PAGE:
When I first started learning about Lean, one of the terms I seemed to have difficulty wrapping my brain around was "takt time."
Or, maybe it was getting straight the difference between takt time, cycle time, lead time, process time, value creating time, non-value creating time and all of the other “times.”
At any rate, if you read much about Lean, you will come across the term. So, I thought I would explain.
According to Lean Lexicon-5th Ed by the Lean Enterprise Institute:
Takt Time is the available production time divided by customer demand. For example, if a widget factory operates 480 minutes per day and customers demand 240 widgets per day, takt time is two minutes. Similarly, if customers want two new products per month, takt time is two weeks. The purpose of takt time is to precisely match production with demand. It provides the heartbeat of a lean production system. Takt time first was used as a production management tool in the German aircraft industry in the 1930s. (Takt is German for a precise interval of time such as a musical meter.) It was the interval at which aircraft were moved ahead to the next production station. The concept was widely utilized within Toyota in the 1950s and was in widespread use throughout the Toyota supply base by the late 1960s. Toyota typically reviews the takt time for a process every month, with a tweaking review every 10 days.And:
Cycle Time is the time required to produce a part or complete a process, as timed by actual measurement.For example, if you have 90 clients wanting routine annual exams and vaccinations performed on their pets each week and you have 30 planned hours available Monday through Saturday (40 hours/week/doctor, less surgery time, less in-patient treatment time, less new sick pet time), then your takt time is 30 hours/90 visits or or 1800 minutes/90 visits or 20 minutes per appointment.
Takt time is a time that represents the pace at which you need to work in order to meet current demand. To meet demand within the allotted time, a routine annual exam would need to be completed, on average, every 20 minutes.
In order to find the cycle time, an actual measured time, you would measure several appointments and calculate the the average time required to actually complete them. If you have a lot of variation, you might measure ten appointments, which is a good Industrial Engineering guideline (thanks to Mark Graban for that tip).
If the actual cycle time is less than or equal to takt time (meaning you can work faster than the demand rate), then you can meet demand within the available time restraints and everything should be good.
But, if cycle time is greater than takt time, then you definitely have a problem, because you cann not meet demand as performed within the time requirements. This scenario will necessitate a kaizen project and/or A3 thinking to work out some countermeasures. These might include finding more time for these exams sometime during the week (expanding your working hours), or eliminating waste and improving flow so the cycle time falls within takt time. We'd want to reduce the time it takes to complete the appointment, but without rushing or impacting quality or client satisfaction.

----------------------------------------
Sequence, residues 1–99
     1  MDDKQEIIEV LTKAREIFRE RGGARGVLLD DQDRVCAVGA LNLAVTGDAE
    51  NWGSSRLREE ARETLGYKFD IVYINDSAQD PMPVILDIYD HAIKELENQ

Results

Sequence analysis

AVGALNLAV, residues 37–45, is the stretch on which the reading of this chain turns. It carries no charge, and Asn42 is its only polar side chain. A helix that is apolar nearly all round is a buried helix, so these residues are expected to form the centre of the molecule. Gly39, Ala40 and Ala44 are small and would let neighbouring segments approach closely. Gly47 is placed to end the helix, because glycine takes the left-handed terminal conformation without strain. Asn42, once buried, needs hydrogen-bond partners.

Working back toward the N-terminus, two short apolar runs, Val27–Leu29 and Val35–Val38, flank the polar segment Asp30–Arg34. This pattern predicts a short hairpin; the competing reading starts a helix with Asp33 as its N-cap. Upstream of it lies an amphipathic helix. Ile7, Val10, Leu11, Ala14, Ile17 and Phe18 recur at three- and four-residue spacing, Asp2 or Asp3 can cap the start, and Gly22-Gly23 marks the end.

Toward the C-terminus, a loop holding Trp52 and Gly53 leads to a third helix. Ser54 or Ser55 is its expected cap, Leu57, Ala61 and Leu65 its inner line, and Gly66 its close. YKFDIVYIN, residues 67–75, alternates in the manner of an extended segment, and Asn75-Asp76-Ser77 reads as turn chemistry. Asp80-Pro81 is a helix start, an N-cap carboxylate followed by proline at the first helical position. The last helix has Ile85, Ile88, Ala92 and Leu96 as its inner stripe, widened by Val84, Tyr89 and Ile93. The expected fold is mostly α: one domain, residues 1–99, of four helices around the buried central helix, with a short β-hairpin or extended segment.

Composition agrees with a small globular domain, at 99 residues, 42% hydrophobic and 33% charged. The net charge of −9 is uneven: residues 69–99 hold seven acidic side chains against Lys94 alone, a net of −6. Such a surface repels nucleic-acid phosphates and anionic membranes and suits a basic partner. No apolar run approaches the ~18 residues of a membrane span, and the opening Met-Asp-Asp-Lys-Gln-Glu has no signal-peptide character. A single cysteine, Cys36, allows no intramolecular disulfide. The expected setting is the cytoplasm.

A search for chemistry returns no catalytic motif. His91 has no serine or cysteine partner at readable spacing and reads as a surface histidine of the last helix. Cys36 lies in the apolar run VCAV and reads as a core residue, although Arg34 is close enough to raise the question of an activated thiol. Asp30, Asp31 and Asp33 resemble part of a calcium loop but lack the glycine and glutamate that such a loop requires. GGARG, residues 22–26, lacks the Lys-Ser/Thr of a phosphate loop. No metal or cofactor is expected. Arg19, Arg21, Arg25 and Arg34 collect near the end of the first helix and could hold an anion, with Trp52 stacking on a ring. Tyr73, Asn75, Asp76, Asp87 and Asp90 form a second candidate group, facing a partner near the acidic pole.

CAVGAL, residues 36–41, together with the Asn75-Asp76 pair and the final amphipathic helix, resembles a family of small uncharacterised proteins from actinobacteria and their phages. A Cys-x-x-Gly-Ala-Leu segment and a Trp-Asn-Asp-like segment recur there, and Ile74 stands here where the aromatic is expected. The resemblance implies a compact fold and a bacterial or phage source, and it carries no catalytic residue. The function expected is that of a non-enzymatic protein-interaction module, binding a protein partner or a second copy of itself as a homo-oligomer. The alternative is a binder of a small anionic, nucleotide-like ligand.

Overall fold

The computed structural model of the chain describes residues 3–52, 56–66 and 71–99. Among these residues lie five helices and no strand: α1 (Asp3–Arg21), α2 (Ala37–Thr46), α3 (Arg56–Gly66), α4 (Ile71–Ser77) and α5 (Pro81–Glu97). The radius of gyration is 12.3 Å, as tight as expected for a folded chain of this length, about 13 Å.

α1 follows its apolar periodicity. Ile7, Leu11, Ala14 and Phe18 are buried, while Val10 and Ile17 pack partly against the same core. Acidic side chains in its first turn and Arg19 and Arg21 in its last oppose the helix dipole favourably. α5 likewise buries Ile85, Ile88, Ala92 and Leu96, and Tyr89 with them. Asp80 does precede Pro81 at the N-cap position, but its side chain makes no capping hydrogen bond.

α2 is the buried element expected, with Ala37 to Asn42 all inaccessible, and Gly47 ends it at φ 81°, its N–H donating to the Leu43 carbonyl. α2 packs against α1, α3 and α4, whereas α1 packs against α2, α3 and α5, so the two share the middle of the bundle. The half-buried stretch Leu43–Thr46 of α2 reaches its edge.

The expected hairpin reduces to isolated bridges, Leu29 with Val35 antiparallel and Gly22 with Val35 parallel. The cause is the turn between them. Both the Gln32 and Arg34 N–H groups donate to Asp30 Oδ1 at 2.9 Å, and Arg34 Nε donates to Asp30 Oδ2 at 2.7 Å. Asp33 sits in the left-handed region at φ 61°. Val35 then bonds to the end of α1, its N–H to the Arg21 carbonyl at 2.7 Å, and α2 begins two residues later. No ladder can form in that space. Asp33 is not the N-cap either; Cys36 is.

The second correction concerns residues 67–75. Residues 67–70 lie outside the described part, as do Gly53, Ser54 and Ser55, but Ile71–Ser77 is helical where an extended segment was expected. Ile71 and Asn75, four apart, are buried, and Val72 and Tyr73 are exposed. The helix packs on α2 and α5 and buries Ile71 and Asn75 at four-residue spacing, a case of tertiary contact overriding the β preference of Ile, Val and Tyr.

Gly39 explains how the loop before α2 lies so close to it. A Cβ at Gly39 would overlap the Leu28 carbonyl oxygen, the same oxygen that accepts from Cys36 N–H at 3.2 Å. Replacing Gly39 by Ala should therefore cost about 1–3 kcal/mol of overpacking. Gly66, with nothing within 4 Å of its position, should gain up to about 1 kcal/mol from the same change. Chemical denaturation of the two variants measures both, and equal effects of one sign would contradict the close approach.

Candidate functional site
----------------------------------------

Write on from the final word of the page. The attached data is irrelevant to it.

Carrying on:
In manufacturing, it is sometimes a little less complicated because product is often moving through the production line at a much more precise interval and the time for each step has very little or no variation. So, cycle times in manufacturing are much more consistent. Manufacturers also have the opportunity to level their production rate by using inventory as a buffer against variation in demand. In a vet clinic, we might be able to somewhat level our workload through appointment schedule, but if we're taking walk ins, we have to be able to react and adjust to that variation in demand.
But, again in veterinary medicine, we have more variation. There is variability in how long an annual exam actually requires. Are there issues that need to be addressed? Will a fecal exam be required? How about a heartworm test? How many vaccinations are due? Do medicines needed to be filled and dispensed? In addition, there is variability in the arrival times of clients, even with appointments. This results in variance squared (variance X variance), and that = chaos.
There are two points that should be made here. The first is that variability is a form of waste and should be reduced as much as possible using the Lean mindset and methodologies. Meeting takt time is a first goal. The second point is that this is the reason you probably should not schedule more than 85% of your available appointment times. This allows you some "wiggle"room. I have heard some advocate high density scheduling, i.e. close to or at 100% booked. But, even with a highly trained staff in a Lean environment, you just can't escape variation. The first time an appointment goes long or a client shows up late, you are behind schedule which means each subsequent appointment will have to wait. Waiting is muda. High density appointments are not value for the client, from the client's point of view.
In a later blog, I hope to write about queueing theory, exponential statistical distribution, and Poisson distributions. These concepts produce more realistic models that take into account the variabilities of arrivals and cycle times.
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